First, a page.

Other tests done with monkeys showed opposite results, with all monkeys surviving (Anthrax n. pag. ). The DOD alleges that the vaccine is only useful if given before exposure to anthrax. However, the US State Department claims that using the vaccine after exposure is just as effective.
It was also noted that the immunization must be given within 24 to 48 hours of an attack (Fact n. pag. ). If the vaccine is just as effective after exposure, why is the military forcing all personnel to be immunized This contradiction between federal departments questions not only the credibility of the government, but all claims on the effectiveness of the vaccine itself. The government has consistently claimed that the anthrax vaccine is safe and there are no major side effects. Nevertheless, prior publicized cases like nuclear testing in the 1950 s and use of Agent Orange in Vietnam has caused apprehension towards government claims.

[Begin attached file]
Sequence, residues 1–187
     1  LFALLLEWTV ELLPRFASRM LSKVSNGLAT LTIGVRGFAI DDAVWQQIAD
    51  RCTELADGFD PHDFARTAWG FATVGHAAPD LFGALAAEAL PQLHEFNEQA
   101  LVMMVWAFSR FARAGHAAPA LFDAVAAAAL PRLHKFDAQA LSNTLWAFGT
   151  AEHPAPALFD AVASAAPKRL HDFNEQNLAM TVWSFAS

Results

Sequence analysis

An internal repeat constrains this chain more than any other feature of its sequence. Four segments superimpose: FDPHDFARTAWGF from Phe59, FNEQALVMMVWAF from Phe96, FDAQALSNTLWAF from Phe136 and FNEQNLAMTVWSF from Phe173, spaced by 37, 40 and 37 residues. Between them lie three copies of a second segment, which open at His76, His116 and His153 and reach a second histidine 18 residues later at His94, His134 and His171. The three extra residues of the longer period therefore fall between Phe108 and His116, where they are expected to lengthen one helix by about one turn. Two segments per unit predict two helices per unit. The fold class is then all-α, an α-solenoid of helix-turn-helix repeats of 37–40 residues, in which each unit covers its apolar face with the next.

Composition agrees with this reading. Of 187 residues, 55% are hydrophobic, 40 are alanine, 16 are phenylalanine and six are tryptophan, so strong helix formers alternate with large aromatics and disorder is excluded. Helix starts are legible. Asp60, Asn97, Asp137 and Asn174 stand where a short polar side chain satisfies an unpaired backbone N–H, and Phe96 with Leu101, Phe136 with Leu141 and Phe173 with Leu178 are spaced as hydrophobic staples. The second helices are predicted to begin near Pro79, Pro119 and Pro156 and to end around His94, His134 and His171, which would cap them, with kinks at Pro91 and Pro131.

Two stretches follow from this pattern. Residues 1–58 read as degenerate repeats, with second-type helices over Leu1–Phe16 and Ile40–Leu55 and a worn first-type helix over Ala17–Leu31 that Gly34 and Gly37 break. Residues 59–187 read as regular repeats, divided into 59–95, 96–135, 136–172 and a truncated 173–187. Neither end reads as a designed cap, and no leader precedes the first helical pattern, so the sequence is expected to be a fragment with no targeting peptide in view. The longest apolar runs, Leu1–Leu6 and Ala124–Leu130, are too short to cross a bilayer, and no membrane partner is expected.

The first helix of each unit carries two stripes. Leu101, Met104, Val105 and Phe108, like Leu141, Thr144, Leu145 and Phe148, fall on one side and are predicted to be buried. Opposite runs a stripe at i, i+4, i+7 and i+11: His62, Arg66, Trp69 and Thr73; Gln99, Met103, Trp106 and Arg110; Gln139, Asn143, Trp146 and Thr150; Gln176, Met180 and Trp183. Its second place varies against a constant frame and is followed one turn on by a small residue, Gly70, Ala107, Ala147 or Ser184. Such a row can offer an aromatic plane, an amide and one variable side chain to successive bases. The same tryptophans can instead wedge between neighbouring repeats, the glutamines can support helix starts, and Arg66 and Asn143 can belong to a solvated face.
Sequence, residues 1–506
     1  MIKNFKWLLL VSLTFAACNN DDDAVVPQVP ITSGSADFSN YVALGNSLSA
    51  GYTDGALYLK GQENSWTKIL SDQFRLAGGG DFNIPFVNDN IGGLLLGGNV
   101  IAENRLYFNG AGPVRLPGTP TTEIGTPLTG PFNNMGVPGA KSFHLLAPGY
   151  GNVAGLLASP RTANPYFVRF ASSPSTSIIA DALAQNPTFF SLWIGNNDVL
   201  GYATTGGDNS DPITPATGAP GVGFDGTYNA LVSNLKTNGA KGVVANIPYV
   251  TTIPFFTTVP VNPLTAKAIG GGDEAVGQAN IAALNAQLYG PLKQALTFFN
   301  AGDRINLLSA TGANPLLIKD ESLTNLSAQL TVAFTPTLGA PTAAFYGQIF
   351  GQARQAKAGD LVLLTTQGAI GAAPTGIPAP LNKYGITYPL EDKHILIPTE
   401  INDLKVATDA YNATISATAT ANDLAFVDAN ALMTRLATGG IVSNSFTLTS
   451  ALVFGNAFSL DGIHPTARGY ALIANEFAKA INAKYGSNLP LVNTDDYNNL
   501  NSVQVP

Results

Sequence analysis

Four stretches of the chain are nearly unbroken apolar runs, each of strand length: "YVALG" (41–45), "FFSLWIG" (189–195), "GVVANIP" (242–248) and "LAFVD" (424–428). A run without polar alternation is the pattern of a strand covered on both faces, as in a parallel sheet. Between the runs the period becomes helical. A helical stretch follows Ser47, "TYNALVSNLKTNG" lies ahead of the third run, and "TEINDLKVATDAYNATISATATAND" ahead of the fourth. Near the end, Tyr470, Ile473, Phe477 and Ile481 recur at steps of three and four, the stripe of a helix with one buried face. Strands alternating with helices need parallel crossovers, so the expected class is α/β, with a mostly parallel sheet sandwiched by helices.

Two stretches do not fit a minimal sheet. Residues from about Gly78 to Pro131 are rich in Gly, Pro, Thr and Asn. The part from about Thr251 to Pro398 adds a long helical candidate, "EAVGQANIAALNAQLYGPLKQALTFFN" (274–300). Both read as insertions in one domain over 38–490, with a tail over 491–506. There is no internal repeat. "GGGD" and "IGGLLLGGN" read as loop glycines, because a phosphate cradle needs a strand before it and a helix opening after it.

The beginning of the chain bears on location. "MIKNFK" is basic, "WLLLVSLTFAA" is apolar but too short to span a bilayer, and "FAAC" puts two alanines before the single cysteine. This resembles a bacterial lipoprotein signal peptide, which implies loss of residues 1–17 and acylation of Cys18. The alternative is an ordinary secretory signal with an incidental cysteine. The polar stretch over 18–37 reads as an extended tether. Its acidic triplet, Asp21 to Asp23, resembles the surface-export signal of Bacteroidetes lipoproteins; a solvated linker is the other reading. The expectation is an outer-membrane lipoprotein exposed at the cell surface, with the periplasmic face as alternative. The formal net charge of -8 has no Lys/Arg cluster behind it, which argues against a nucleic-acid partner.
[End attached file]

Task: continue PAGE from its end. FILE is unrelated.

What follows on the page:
More recently, the US government hid the risks of drugs given to military personnel during the Gulf War. Other drugs along with the vaccine were given to thousands of service members for protection. Those returning complained of weakness, nausea, aches of joints, dizziness, and other life threatening illnesses. The illness known as Gulf War Syndrome (GWS) is suspected of being connected to the vaccine. Angry and concerned veterans demanded explanations for their illnesses from the US Government. An investigation conducted by the DOD concluded that, "the vaccine given to troops could not be correlated to Gulf War Syndrome" (McIntyre n.